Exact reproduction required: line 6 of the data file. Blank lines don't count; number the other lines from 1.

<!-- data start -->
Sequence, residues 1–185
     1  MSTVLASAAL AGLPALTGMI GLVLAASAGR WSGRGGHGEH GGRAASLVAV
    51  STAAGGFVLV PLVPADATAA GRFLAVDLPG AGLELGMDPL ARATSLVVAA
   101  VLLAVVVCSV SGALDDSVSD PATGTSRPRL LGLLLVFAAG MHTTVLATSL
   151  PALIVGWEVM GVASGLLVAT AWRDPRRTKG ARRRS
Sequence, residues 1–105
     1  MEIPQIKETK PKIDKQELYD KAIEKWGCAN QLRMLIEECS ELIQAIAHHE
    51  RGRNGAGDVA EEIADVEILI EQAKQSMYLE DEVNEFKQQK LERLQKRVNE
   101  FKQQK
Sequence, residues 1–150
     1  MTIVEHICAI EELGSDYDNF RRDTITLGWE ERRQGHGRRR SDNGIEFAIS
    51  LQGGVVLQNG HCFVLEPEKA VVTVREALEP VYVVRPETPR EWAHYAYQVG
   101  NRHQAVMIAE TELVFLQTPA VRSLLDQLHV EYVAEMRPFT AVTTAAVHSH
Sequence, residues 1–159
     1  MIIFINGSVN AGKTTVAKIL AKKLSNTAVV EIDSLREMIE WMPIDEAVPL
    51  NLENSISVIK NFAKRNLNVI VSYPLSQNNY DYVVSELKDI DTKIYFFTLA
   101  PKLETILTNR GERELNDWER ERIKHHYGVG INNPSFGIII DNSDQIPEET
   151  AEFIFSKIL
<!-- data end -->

Sequence, residues 1–105